- Peter Kinder resigns federal agency post, concludes position unnecessary and waste of tax dollars (6/16/18)2
- Stormy Daniels to visit East Cape Girardeau (6/13/18)20
- Longtime downtown Cape bartender Marcellus Jones remembered by friends (6/12/18)2
- Committee to start planning process for indoor aquatic center in Cape (6/20/18)1
- A community rallies behind Honorable Young Men's Club (6/16/18)1
- Southeast to spend $150,000 to refresh brand with Ohio firm (6/19/18)6
- New urban dance studio opens on Broadway (6/15/18)2
- Jackson natives compete in 260-mile canoe race (6/16/18)1
- Couple charged in beating death at Brick's (6/13/18)
- Mother, child reportedly hit by car in Cape Girardeau (6/18/18)
Federal cap-and-trade legislation is stalled. The House has passed a bill that would allow companies to trade credits for the emission of greenhouse gases. But the Senate is more reluctant to pass the bill. So the Environmental Protection Agency has decided to impose its own rules. Two U.S. representatives from large rural districts in Missouri, Jo Ann Emerson from Cape Girardeau and Ike Skelton from Lexington, say the EPA's move is unfair to the affected businesses, including the nation's largest power plants, and usurps the decision-making authority of elected members of Congress.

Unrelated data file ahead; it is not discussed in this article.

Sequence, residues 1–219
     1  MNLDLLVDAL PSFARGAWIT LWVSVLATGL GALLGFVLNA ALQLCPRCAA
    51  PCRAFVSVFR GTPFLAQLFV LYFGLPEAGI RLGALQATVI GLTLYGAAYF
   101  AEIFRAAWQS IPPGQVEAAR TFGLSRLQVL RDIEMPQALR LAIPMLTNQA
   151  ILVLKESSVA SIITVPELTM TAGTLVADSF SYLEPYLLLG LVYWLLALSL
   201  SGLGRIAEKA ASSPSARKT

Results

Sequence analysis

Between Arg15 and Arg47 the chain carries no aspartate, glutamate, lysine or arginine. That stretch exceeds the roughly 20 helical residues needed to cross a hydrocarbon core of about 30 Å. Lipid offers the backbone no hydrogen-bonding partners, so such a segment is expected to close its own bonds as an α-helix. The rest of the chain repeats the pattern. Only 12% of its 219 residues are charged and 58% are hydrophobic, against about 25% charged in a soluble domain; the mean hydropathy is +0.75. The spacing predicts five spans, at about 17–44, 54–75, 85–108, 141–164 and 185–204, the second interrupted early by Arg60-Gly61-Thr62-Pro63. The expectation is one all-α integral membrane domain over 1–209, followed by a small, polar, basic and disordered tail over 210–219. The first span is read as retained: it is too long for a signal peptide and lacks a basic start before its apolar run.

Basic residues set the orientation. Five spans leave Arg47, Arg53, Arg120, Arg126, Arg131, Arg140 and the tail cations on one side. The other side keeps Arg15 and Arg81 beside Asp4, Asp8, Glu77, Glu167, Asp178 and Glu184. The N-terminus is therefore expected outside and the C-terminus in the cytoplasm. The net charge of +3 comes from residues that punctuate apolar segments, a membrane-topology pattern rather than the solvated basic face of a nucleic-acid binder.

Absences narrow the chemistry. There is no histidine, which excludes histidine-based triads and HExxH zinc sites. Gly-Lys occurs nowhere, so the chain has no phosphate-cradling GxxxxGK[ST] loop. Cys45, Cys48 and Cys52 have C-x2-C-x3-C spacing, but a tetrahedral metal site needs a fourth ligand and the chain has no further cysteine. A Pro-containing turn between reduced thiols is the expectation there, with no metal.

The proposed EPA rules are being pushed by the Obama administration. President Obama has said Congress is dragging its feet and the EPA should go ahead with "commonsense" rules instead of waiting for legislative action.
With all due deference to division of powers, as the president is prone to say, imposing greenhouse gas standards is something for members of Congress -- elected by and answerable to their constituents -- to decide, not appointed EPA bureaucrats.
The fact that Emerson, a Republican, and Skelton, a Democrat, have joined forces to oppose these rules speaks volumes about the deep-seated feelings of the legislative branch and its lawmaking obligation.